The headline from the latest report
from the UN’s Intergovernmental Panel on Climate Change, this time from working group three focusing on the solutions required to cut global emissions at scale, does offer some hope that the Paris agreement’s 1.5C pathway can be achieved, but a complete transformation of planetary resource use is necessary to do so. The trends are not good. Emissions are on the rise, and countries around the world are generally falling behind their commitments. And these commitments aren’t good enough anyway.
This latest report concludes the three-parts of the IPCC’s sixth reporting cycle. The first part, released in August 2021 looked at the causes of climate change. The second, in February 2022 examined climate change impacts. And this third part focuses on mitigation.
The IPCC’s position remains that global net emissions will need to be reduced by 48% by 2030 from a 2019 baseline, and all the way to zero by 2050 to achieve a 1.5C trajectory. For a 2C trajectory, emissions must peak by 2025, come down 25% by 2030 and hit net zero no later than 2070. Energy transition remains crucial. Even if all renewable energy infrastructure that is planned is completed, the IPCC predicts that we’re still looking at a warming trajectory of between 2.8C and 4C.
This is because the planet has essentially reached the point where breaching carbon and methane budgets is inevitable. The latest report emphasises the need for solutions that can capture carbon – including nature-based solutions such as soil restoration and tree planting, and technologies that directly remove carbon dioxide from the air. Eventually net negative carbon will be necessary for warming to stabilise at 1.5C.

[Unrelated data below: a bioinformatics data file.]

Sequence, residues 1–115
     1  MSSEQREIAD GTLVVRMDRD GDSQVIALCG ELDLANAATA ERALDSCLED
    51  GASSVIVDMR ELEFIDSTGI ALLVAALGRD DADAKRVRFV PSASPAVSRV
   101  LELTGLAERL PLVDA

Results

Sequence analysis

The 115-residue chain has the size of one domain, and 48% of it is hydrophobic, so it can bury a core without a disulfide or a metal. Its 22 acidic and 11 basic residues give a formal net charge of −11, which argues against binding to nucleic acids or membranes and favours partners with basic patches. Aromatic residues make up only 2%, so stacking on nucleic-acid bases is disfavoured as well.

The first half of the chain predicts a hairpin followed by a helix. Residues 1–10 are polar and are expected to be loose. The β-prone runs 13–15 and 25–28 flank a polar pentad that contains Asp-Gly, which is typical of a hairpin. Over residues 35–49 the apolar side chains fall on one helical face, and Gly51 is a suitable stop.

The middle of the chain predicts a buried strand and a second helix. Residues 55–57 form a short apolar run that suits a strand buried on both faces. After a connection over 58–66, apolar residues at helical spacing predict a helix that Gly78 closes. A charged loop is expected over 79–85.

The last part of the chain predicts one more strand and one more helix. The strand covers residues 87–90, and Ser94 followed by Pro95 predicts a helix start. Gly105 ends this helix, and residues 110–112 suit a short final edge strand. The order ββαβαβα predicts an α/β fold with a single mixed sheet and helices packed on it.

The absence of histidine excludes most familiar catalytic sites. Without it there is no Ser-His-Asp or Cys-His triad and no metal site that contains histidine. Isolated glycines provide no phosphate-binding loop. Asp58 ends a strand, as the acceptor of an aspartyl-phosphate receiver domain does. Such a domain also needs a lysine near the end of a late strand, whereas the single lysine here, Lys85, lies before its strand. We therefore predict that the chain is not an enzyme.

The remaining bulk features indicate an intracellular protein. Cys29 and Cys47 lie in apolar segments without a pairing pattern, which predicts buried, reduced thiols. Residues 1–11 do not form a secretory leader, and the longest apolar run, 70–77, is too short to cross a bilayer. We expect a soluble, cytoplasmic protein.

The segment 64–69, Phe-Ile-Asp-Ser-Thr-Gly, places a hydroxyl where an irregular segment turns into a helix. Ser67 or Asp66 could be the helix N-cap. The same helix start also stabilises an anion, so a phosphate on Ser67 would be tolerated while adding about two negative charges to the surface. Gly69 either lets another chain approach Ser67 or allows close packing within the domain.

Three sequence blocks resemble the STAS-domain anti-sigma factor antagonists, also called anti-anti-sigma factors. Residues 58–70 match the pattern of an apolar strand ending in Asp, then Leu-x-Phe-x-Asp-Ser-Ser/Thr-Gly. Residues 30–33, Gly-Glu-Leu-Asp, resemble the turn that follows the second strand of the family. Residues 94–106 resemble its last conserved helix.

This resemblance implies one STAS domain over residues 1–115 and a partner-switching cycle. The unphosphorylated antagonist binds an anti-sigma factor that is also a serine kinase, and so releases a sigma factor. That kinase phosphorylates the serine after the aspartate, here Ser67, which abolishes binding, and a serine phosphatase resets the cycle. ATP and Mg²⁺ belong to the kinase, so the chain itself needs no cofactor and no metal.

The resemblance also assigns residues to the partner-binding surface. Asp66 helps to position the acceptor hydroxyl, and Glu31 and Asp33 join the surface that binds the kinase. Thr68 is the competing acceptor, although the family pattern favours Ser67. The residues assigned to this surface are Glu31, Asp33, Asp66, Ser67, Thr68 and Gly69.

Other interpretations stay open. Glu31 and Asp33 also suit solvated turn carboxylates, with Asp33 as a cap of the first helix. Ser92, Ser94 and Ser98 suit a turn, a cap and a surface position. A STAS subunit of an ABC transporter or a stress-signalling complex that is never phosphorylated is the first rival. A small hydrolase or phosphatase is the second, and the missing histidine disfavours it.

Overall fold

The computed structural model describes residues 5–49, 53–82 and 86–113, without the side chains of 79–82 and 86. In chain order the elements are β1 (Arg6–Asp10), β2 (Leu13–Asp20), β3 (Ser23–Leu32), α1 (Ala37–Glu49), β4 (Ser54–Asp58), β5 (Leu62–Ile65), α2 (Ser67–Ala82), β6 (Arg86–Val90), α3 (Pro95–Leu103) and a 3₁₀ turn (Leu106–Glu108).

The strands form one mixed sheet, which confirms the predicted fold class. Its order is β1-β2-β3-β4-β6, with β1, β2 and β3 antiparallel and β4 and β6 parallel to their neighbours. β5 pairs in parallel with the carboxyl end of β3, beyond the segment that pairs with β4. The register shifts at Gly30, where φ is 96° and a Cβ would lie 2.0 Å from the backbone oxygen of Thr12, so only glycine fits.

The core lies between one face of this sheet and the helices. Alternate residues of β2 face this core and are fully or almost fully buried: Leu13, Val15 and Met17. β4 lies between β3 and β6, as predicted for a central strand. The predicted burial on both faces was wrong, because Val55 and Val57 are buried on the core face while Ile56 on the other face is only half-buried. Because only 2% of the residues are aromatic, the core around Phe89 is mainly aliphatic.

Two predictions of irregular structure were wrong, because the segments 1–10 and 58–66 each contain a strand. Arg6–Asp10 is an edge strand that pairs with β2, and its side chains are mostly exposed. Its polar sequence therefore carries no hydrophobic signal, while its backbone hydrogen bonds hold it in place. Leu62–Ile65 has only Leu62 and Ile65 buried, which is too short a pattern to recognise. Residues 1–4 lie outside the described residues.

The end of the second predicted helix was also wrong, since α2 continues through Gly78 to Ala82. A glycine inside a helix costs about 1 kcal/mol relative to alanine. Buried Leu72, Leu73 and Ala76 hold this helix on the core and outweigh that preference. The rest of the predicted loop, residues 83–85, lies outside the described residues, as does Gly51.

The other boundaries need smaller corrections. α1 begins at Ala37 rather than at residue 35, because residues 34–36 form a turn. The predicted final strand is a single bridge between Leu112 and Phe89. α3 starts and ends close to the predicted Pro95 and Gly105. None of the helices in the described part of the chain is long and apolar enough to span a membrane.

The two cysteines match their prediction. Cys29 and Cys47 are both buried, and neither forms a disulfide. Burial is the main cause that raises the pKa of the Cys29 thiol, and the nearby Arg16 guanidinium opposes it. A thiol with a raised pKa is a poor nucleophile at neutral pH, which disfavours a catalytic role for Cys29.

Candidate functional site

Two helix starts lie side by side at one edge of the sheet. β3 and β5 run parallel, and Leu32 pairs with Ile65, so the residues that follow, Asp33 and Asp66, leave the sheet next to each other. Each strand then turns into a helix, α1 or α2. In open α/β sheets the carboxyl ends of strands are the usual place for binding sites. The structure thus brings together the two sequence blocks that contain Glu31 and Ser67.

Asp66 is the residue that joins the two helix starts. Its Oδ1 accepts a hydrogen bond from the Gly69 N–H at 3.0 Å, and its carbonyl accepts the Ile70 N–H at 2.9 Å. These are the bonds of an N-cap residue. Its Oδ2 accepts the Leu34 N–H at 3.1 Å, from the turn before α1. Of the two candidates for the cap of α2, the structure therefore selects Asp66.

Further underling the challenges, a new report
from the US National Oceanic and Atmospheric Administration shows that atmospheric levels of methane increased by the highest amount on record in 2021 for the second year in a row. Methane is of course a highly potent greenhouse gas.
Africa food crisis
Food supply is becoming a major concern, and not just because of the impacts of the war in Ukraine. Illustrating that food crises are nothing new, a group of international relief NGOs, including Oxfam and Save the Children have pointed out that 27 million people in west Africa
are facing acute hunger, and that could rise to 38 million by early summer. This makes it the region’s worst food related crisis for a decade. Oxfam blames the combination of drought, floods, conflict and the economic impacts of the Covid-19 pandemic as causing the crisis. The situation in Ukraine is pushing global food prices up – exacerbating the problems in west Africa.
90% cosmetics contain microplastics
Pollution from the microplastic particles found in cosmetics is the subject of a new report
from the Plastic Soup Foundation. Around 3,800 tonnes of microplastics are released annually from cosmetics and care products in Europe alone – as estimated by the European Chemicals Agency. The foundation found that of the products from the top ten popular cosmetic brands that they analysed, nine out of 10 contained microplastics. The EU is in the process of bringing in rules to restrict the use of microplastics in cosmetics and other products, but the Plastic Soup Foundation argues that the proposed regulations are not defined tightly enough, with loopholes that will allow the continued use of potentially harmful plastics.
The pressure on microplastics use seems set to continue to grow. Researchers at the University of Hull
have been investigating human lung tissue and have found, for the first time, microplastic material penetrated deep into the lungs. While the health implications of these findings are, as yet, unclear, they are of course indicative of the universal nature of plastic pollution.